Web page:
Time to Celebrate! Proclus, Last of the Great Neoplatonic Philosophers is Born

Thanks to an astrological chart we can know when the philosopher Proclus was born. It happens to be today in 412 of our common era, in Byzantium. While Christianity had taken over the business of state, here and there philosophy still could be pursued, and Proclus proved to be the last, and some might even hazard, the greatest of the Neoplatonics.The New World Encyclopedia summarizes for us how "Proclus’ greatest concern was the elevation of the human soul to unity with its divine origins. B … [Read more...]

Recalling the Immortal Chaplains

It was seventy-four years ago, today.Methodist minister George Fox, Rabbi Alexander Goode, Reformed minister Clark Poling, and Catholic priest John Washington were aboard the troop ship SS Dorchester. They were all commissioned first lieutenants, they were all chaplains.At twelve fifty-five a.m. on the 3rd of February, 1943, the Dorchester was torpedoed off the coast of Newfoundland.As the ship began to sink the chaplains helped as many troops and civilians as they could into the … [Read more...]

The British Invade!

It was on this day fifty-two years ago that a British band's single hit number one on the American pop charts. And with that the British invasion can be said to have established its beach head.One can safely say that nothing has been the same, since... … [Read more...]

The World is a Burning Hut: A Zen Meditation

There was an old woman who supported a hermit. For twenty years she always had a girl, sixteen or seventeen years old, take the hermit his food and wait on him. One day she told the girl to give the monk a close hug and ask, “What do you feel just now?”The hermit responded,An old tree on a cold cliff; Midwinter – no warmth.The girl went back and told this to the old woman. The woman said, “For twenty years I’ve supported this vulgar good-for-nothing!” So saying, she threw the monk o … [Read more...]

Happy Birthday to Conan the Barbarian, Or, I Mean Robert E. Howard

On January 22, 1906, Robert Ervin Howard was born in Peaster, Texas. He died by suicide at the age of 30. In between he grew to become a prolific writer for the American pulp magazine industry. During which time, drawing upon the established "weird tales" genre developed by Edgar Allan Poe, H. P. Lovecraft and others, but then mixing together as Wikipedia tells us "fantasy, horror and mythology with historical romance, action and swordplay," he pretty much single handedly invented the "Sword and … [Read more...]

Finding Myself Thinking of “You Nazty Spy!” Can’t Imagine Why…

While Charlie Chaplain's Great Dictator was in the can, in fact the very first film in popular distribution in America to mock Adolf Hitler and his Nazi movement were, of course, the Three Stooges.Today in 1940 the Three Stooges' 44th short You Nazty Spy was released. As, I noted, best anyone knows, the first of what would become a bit of an industry.Don't know why I find myself thinking of Alec Baldwin... … [Read more...]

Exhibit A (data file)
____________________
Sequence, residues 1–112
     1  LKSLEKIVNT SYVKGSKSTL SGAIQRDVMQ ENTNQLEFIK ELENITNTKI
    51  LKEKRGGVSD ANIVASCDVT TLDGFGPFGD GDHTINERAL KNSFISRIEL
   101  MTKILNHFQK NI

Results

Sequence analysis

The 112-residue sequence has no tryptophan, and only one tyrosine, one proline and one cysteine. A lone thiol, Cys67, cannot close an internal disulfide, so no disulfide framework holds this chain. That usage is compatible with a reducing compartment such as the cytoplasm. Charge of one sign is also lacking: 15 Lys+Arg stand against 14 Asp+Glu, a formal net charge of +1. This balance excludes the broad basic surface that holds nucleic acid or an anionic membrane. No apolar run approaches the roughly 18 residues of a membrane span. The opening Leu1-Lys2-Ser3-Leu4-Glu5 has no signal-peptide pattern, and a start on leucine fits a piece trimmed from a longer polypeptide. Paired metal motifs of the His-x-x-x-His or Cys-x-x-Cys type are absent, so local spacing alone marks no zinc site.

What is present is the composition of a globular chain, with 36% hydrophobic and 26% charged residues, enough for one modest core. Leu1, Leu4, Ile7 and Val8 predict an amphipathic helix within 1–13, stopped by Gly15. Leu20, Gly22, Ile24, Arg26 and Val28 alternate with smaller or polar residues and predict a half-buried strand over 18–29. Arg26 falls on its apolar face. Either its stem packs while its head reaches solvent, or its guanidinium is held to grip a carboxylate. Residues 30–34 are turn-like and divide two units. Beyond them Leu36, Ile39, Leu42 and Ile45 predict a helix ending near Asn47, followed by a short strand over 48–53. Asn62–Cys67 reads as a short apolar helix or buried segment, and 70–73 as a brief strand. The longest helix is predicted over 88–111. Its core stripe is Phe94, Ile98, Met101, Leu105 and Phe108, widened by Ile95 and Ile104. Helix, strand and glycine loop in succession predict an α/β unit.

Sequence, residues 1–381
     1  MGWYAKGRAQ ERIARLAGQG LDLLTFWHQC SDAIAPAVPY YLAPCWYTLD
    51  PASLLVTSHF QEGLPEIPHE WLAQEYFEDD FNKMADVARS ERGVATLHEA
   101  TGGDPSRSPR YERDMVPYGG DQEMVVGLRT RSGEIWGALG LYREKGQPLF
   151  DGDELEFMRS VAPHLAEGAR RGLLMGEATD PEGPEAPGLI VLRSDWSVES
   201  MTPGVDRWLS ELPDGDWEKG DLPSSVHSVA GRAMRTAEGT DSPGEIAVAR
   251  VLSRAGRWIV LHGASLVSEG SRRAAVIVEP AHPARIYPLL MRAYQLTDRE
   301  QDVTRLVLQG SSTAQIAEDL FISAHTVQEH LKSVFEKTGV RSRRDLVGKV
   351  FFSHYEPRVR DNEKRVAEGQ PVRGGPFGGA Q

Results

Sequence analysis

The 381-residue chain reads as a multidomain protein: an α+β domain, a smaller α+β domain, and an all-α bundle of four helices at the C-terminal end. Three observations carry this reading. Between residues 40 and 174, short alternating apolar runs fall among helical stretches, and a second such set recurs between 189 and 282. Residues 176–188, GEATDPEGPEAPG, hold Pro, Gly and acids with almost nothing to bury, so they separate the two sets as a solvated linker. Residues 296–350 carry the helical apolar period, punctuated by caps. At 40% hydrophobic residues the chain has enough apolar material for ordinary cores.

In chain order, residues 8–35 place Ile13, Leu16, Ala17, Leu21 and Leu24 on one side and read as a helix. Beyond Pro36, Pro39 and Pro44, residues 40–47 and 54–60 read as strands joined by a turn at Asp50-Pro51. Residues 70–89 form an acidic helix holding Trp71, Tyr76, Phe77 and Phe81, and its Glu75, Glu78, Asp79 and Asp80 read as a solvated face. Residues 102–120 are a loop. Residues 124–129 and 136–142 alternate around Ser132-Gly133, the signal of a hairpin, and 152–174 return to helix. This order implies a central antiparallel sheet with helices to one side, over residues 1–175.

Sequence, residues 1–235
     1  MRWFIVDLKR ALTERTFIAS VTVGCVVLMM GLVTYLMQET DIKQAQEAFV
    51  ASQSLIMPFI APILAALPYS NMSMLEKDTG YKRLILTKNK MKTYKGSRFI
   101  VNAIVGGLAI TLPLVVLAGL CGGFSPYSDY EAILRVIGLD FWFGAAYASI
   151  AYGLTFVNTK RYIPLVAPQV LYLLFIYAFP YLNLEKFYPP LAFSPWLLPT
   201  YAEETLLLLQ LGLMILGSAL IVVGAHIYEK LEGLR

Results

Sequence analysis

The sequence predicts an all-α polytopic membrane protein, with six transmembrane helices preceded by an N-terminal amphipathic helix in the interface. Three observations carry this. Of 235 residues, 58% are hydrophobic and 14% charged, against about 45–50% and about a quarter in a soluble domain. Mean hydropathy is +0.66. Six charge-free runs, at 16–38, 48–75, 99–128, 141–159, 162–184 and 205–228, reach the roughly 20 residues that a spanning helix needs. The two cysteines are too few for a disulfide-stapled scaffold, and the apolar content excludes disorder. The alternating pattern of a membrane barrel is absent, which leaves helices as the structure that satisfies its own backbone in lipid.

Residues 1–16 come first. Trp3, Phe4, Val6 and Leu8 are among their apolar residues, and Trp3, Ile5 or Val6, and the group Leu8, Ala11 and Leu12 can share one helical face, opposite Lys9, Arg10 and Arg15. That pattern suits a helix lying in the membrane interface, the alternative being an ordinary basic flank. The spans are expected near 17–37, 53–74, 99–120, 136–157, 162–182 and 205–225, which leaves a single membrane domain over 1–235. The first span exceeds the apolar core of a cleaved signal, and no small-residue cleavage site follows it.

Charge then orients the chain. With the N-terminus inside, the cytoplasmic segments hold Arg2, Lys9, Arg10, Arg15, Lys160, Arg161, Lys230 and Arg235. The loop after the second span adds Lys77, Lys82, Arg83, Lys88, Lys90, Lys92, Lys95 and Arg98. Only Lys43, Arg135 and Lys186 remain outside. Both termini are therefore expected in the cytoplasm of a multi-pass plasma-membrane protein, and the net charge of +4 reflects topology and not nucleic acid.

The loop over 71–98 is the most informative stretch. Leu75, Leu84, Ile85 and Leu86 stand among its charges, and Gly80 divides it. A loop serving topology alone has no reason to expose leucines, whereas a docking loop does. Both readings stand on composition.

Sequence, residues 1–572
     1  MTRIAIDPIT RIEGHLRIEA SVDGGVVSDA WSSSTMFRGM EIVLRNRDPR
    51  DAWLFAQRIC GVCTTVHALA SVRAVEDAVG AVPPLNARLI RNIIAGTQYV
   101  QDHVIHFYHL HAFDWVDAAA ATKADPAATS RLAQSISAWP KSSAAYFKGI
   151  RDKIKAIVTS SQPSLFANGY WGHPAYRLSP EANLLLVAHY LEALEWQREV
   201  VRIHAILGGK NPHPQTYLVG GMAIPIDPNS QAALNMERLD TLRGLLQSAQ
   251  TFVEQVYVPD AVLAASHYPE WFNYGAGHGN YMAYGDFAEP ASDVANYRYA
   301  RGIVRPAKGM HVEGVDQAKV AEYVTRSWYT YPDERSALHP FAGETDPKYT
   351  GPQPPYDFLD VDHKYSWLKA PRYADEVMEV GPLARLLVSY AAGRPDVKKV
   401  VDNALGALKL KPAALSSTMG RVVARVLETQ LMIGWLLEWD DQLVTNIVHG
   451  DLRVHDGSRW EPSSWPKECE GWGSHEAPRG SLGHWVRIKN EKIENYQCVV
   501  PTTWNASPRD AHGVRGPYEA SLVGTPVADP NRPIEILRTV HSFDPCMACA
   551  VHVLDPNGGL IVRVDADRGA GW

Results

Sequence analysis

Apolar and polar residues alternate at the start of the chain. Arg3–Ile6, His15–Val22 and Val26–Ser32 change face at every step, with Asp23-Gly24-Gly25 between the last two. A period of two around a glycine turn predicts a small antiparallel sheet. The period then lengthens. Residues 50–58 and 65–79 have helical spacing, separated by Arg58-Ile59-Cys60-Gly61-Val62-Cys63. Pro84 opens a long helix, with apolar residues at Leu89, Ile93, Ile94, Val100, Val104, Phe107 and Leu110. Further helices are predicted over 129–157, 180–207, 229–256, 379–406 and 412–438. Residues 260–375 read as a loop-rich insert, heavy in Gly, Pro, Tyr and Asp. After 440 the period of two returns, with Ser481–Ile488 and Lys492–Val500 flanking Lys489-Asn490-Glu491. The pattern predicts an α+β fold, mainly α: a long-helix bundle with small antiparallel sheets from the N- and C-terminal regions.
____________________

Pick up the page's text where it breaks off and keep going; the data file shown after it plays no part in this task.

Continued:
Our Fucking City: A Review of Patriots Day

My interest in going to see Patriots Day was a mixed bag. I don't have much of a taste for disaster films or their closely related. And I was, I admit, mildly put off by the idea of a "heartfelt tribute" or "inspiring story" as was said of Patriots Day. I like uplift as much as the next person, but I have a pretty deep aversion to treacle.On the other hand Jan and I spent a fraction shy of fifteen years in Eastern New England, half of that in Newton, an inner ring suburb of Boston, the … [Read more...]

Recalling John Biddle, Unitarian Saint and Martyr

One of those memories I treasure for the years I served at the First Unitarian Society in Newton, Massachusetts, was the pulpit. I was always careful when speaking of the church and various things about it to say "our," after all it was our church. But, I always said, "my" pulpit. Even though I held it in trust, it had been presented to me within that trust and it was "mine" for eight years.As an object it was a wonder to behold. Among the delights of the thing were the carved figures that … [Read more...]

Kensho, Samadhi, & the Practices of Zen

As Zen first came west, kensho, or satori, was the great prize. The Zen priest scholar Victor Sogen Hori tells us, “The term consists of two characters: ken, which means “see” or “seeing”, and sho, which means “nature”, “character”, “quality.” To “see one’s nature” is the usual translation for kensho.” Satori, which derives from the Japanese verb satoru, is for all practical purposes a synonym for kensho, although some suggest kensho be used for the initial insight, and satori for the deeper matu … [Read more...]

Zen Communities Confronting Mr Trump’s Assumption of the American Presidency

I understand some scholars suggest that it was yesterday in the year 49 before our common era that Julius Caesar crossed the Rubicon.I have no doubt with our recent election we have crossed another Rubicon.At the current moment there is a great deal of conversation going on about how to respond to what is happening. As with other spiritual traditions within our Zen communities we are torn, largely between those who feel compelled to speak out and those who want to make sure that everyone … [Read more...]